These regulations are designed to prevent the escape of asbestos fibers into the air. Therefore, if, at
any point during a renovation or demolition operation, friable asbestos materials are created from nonfriable
forms, this additional friable material becomes subject to the regulations from the time of
creation. The owner or operator must follow the notification, wetting and disposal requirements of 40
CFR Part 61, Subpart M in regard to this newly created material.


Government Advice on Disposal of Asbestos Containing Flooring, Roofing or Siding Materials in buildings

Asbestos in Roofing & Siding Materials

New and old fiber cement and asbestos cement shingles side by side (C) Daniel Friedman Cement asbestos roof shingles

The most common siding material containing asbestos fibers was cement-asbestos shingle siding popular from about 1940 to 1970.


It is possible that other siding materials such as asphalt building siding may contain asbestos fibers as well, particularly if that material was produced during the same years that asbestos fibers appear in asphalt roof shingles.

For handling and disposal guidance concerning old roofing material, siding material, vinyl-asbestos floor tiles, asbestos pipe or boiler or furnace insulation, or other asbestos containing or suspect asbestos containing materials at a job-site, contact the US EPA, your state Department of Environmental Protection/Conservation, or your local building and health departments.

The US EPA points out in ADEQUATELY WET ASBESTOS GUIDANCE, EPA340/1-90-019 that asbestos-containing floor tiles are considered non-friable materials but the materials can become friable with age or by grinding, sanding, demolition, etc.


Non-friable miscellaneous ACM includes floor tiles, asbestos cement sheet (transite board), siding shingles, asphalt roofing shingles, laboratory bench tops and even chalkboards. These materials may become friable with age, and under harsh conditions. Category I non-friable ACM must be carefully examined to determine if the material is in poor condition, that is, if the binding material is losing its integrity, exhibited by peeling, cracking or crumbling; and is also friable. When Category I non-friable ACM has become friable it is subject to the NESHAP.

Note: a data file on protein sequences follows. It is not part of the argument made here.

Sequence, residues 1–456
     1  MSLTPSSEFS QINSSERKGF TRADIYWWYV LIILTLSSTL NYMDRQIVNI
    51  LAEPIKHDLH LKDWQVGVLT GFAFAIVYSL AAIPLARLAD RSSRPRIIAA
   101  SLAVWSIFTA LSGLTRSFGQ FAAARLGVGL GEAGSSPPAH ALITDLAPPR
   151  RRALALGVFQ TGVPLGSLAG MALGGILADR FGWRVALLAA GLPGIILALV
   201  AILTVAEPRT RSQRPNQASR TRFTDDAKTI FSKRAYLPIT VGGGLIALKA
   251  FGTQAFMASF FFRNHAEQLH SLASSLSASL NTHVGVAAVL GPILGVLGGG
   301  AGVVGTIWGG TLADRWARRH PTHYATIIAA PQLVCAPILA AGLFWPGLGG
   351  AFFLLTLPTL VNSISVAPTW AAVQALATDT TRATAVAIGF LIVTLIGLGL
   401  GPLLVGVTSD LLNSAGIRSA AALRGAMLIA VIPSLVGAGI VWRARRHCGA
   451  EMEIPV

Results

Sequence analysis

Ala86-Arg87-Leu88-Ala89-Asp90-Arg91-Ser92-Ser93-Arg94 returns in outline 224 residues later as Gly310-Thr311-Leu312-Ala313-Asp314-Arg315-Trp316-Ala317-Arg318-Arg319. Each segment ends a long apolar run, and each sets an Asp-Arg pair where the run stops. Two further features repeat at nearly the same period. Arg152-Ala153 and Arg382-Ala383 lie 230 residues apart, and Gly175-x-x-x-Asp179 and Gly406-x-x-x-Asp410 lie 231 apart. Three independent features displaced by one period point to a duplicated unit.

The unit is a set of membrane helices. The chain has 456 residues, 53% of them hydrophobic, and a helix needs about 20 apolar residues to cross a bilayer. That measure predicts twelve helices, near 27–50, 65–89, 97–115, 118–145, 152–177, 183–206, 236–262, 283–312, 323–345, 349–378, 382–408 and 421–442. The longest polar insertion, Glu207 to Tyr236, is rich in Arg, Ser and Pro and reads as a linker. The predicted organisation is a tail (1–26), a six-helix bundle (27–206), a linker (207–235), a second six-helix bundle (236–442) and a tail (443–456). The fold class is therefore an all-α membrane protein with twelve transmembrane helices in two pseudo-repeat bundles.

If Category I or II ACM is sanded, ground, cut or abraded it is also covered by the NESHAP. Category II non-friable ACM which is damaged to the extent that it has or will become crumbled, pulverized or reduced to powder due to demolition/ renovation activities, is subject to the Asbestos NESHAP.

Miscellaneous materials are wetted in manners similar to those used to wet other categories of RACM. Coverings are saturated with a wetting agent before removal and the asbestos-containing portions fully penetrated with the agent prior to, during and after their removal, while stored in the removal area, and while being placed into disposal containers. Miscellaneous materials that don't absorb water readily (e.g., asbestos-concrete products, and floor tiles) are only required to have wetted surfaces. A misting sprayer may be used to diminish airborne asbestos fiber levels.

Asbestos Containing Materials: Regulations, Bans, Exposure Limits

Asbestos containing acoustic ceiling tiles

Photo above left: presumed-asbestos-containing material (PACM) acoustic ceiling tiles found above a suspended ceiling.

Asbestos Regulations in the E.U.

There are common EU rules determining provisions concerning asbestos. The provisions apply to all activities where there is a risk that an employee will be exposed to the dust which contains asbestos. To work with asbestos, you need a special permit from the Swedish Work Environment Authority, you also need training as well as a medical examination certificate. A company that conducts demolition work on materials that contain asbestos without permission from the Swedish Work Environment Authority risks having to pay a penalty of SEK 50,000. Questions regarding products that contain asbestos are covered by the Chemicals Agency’s regulations. - See